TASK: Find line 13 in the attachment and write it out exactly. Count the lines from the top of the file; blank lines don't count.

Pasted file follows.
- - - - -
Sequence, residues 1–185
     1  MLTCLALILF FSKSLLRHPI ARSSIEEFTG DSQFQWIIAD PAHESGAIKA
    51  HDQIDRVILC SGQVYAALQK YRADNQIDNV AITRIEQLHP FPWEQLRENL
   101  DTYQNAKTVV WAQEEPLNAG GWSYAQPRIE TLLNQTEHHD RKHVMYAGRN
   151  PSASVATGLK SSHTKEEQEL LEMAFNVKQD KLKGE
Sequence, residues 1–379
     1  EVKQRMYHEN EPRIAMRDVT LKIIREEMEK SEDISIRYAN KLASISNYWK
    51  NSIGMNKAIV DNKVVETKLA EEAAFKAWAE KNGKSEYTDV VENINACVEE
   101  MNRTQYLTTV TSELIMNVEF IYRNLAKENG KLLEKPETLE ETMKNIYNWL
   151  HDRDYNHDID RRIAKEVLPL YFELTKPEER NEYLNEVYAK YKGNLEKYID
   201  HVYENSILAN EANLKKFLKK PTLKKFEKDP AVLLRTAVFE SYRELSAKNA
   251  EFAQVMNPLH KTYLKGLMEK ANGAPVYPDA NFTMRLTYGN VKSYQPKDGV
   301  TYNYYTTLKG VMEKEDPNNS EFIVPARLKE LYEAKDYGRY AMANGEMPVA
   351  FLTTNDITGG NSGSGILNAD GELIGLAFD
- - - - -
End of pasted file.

   301  TYNYYTTLKG VMEKEDPNNS EFIVPARLKE LYEAKDYGRY AMANGEMPVA